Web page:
Located near Old Fort, N.C., the trail to Catawba Falls is a scant three miles from Interstate 40, a location that virtually guarantees a steady stream of hikers. But the four-mile round-trip to the falls shows they have much more to them than an easy-to-reach location. Divided into a distinct lower and upper falls, the two cataracts could not be more different, so much so that I’ve nicknamed them “The Beauty and the Beast.” The lower falls is the beast of the pair and appears more like a river running wily-nilly down the mountain. Consisting of several cascades, sometimes separate and others times braided together, the massive falls is impossible to take in all at once. The lower falls size alone would make that difficult, but it also twists with the curvature of the mountain so that its top section is partially obscured by trees from the bottom. The huge volume of water, channeled by jagged rocks, gives the impression of power rather than elegance. By contrast, the upper falls is the beauty of the pair. Elusive, hidden among the trees until you are virtually right on it, the water falls in a single, gorgeous sheet before dividing on the rocks at its base. The difficulty of reaching the upper falls (along parts of the trail ropes are anchored in place to help you climb) heightens the sense of a secret, almost magical spot. On a warmer day, I would have been tempted to lounge in the large pool at its base. In addition to the waterfalls, the trail also has an old dam and the remains of a stone building.

Lower Catawba Falls

A section of The Beast

Upper Catawba Falls


–Mark Caskie

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Ticket to Ride

Ticket window at Greensboro, N.C. train station

My hometown of Greensboro, N.C., doesn’t have a lot of notable architecture. A wonderful exception is the train station. I recently took this photo of the ticket window there. Southern railway originally built the station in 1927, and it currently has three trains daily on both northbound and southbound routes.

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The Good Samaritan

“Mrs. Jane Calthrop, of course, is not your average vicar’s wife,” whispered Ethel to her cousin Gladys, just after the chorus closed out the last harmonies of “Teach the Children.”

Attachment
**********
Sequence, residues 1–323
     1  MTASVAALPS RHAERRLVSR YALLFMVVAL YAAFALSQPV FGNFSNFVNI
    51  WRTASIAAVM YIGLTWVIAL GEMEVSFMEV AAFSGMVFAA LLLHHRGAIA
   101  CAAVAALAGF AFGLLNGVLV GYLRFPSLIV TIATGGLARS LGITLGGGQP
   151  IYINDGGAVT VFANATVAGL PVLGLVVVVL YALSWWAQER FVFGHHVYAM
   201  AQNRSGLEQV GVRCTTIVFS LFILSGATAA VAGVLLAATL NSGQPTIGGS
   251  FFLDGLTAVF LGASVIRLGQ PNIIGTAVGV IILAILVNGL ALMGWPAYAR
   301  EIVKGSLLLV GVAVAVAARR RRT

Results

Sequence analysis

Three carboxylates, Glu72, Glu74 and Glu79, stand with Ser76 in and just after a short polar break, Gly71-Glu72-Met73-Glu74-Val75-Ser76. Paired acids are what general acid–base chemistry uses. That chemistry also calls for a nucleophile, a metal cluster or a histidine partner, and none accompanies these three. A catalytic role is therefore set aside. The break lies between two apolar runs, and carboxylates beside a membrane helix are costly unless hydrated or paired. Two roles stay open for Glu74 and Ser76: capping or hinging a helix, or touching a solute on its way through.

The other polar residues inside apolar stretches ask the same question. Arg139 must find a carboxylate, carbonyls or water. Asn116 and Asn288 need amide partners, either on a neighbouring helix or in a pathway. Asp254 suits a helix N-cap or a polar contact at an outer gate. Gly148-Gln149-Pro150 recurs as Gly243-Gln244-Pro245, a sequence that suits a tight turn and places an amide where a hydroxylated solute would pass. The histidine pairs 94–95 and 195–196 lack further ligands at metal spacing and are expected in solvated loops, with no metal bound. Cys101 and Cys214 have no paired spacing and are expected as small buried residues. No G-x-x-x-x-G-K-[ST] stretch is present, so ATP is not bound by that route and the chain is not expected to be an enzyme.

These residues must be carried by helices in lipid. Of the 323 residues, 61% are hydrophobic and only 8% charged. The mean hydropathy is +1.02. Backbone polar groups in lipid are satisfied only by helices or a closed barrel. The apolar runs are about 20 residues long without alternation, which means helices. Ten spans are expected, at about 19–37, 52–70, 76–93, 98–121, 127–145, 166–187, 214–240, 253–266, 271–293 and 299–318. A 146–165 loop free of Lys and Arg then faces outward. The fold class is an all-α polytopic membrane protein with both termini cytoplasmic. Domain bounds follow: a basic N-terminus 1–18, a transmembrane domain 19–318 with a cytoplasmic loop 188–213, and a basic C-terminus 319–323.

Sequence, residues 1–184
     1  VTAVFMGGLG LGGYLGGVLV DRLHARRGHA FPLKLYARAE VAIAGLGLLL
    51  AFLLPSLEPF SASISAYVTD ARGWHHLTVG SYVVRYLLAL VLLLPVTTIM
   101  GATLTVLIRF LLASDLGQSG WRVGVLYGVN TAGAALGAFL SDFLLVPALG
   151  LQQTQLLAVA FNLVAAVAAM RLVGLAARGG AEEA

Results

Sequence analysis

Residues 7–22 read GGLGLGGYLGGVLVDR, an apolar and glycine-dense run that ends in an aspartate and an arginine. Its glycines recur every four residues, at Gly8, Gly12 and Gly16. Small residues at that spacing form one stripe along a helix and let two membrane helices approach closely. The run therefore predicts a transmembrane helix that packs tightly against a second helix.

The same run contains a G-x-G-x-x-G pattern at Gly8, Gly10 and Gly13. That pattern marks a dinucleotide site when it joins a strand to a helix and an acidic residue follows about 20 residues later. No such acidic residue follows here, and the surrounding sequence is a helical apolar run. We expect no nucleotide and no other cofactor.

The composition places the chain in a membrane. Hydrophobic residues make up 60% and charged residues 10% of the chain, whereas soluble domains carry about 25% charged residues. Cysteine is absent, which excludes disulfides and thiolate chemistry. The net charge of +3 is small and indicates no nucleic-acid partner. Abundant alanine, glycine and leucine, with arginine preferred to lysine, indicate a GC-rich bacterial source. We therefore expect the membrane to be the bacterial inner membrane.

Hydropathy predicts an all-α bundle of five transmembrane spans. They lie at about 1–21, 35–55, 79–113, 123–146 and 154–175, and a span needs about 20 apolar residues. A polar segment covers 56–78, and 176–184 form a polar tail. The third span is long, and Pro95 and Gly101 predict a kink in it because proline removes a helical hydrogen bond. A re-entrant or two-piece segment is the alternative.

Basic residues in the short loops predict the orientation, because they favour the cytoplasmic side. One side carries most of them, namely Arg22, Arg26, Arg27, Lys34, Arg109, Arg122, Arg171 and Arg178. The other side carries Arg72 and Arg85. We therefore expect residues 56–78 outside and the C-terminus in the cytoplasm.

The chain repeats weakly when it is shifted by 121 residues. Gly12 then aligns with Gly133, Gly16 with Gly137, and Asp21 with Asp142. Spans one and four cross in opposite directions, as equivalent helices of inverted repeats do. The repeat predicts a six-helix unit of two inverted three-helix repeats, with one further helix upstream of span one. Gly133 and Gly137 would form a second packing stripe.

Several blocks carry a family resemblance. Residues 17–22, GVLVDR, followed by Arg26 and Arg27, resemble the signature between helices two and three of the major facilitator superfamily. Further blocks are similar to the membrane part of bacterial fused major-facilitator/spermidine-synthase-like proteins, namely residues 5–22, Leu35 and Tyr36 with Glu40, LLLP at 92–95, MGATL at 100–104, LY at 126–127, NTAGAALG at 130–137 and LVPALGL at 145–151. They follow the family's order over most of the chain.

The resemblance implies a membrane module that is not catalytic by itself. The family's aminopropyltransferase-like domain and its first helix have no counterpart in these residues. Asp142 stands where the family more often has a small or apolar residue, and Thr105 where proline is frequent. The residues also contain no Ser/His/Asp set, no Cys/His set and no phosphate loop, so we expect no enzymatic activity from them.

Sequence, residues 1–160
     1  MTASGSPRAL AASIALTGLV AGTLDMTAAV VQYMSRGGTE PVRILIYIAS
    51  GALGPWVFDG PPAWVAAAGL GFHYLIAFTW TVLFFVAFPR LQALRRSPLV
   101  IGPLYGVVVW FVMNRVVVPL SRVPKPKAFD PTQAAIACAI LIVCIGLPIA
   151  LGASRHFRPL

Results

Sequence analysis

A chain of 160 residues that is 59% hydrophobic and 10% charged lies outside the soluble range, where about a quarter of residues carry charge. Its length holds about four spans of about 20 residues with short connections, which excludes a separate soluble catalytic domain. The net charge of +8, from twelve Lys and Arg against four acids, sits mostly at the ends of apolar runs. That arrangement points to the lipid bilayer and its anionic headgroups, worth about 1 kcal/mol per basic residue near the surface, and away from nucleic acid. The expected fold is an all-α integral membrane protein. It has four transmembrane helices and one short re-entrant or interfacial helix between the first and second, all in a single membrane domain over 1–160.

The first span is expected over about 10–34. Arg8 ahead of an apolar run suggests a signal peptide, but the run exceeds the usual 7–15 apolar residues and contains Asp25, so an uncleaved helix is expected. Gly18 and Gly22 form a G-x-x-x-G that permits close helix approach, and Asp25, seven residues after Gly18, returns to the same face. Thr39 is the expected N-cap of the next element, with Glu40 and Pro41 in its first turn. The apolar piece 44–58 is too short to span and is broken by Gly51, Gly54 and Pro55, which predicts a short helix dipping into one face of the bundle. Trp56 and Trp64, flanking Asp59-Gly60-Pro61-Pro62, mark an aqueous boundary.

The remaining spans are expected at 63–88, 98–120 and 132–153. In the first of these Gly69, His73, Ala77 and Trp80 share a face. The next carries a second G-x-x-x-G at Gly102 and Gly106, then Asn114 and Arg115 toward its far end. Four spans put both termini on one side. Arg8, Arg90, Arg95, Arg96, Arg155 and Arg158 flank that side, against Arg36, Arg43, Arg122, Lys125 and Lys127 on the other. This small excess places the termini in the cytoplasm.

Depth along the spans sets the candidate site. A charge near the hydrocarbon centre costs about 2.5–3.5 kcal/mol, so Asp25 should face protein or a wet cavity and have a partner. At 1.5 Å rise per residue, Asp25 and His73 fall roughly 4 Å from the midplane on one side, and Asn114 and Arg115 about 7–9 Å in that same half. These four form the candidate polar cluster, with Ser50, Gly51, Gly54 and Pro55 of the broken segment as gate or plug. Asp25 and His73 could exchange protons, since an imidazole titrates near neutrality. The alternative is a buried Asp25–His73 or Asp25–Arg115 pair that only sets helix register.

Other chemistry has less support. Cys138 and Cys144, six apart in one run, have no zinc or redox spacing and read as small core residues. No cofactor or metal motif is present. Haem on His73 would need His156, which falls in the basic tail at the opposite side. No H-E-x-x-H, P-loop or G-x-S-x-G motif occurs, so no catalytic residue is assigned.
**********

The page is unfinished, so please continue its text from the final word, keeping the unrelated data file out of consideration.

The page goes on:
Bringing popular music into the service had been Jane Calthrop’s idea. To appeal to the young people, Ethel supposed. But it was really an unexamined assumption on her part since most of the songs were more suitable for her generation than the young people of today. Ethel preferred the old hymns, not because she disliked the popular songs in their place. But between the granite walls of the village’s centuries-old church they just seemed more fitting.

Ethel had no time to tell Gladys about the bra burning that Jane Calthrop had organized as a young woman years ago when she was a college student in London. We were all a bit radical back then, Ethel admitted to herself. It was the times. But the way she talks about it so freely with that full-throated laugh was just too much. “I made the evening papers,” she once said with a laugh. “Standing on top of a VW Bug without a bra on–you could tell because I didn’t have a shirt on either. The caption called me a modern Lady Godiva.”

Ethel, almost an exact contemporary of Jane Calthrop, recalled her own early ’20s. I didn’t have time to go around showing off my breasts in public. I was too busy sacking groceries and trying to scrape enough money together to get my own flat.

The congregation had flipped to the back of the hymnal for the responsive reading, and Ethel had done so automatically as well. This was always her favorite part of the service. The collective voices of the church-goers rushing past her like a river of words.

The passage was the story of the Good Samaritan. For a moment, Ethel wondered who she might be if she was a part of the parable. Would she walk on past or help the poor, injured soul?

Now, as the congregation settled back into the pews, she said to her cousin, “She studied with a guru in India for three years, and she has started a yoga class here at the church, and I’m not talking about yoga just for exercise.”

“Does anyone come?” asked Gladys, eager to hear more.

“Of course, they do. She is the vicar’s wife,” replied Ethel, as if Jane Calthrop’s influence were the most obvious thing in the world.

Vicar Calthrop began his sermon with a story about a trip to the mall, and it was hard to tell were his message might be leading. He was very handsome man, which she felt gave him an unfair advantage when it came to his winning souls or even enlisting the ladies of the church for the annual bake sale. She knew it was hard to say no to the good reverend. But it was such a shame about that wife of his, she reminded herself.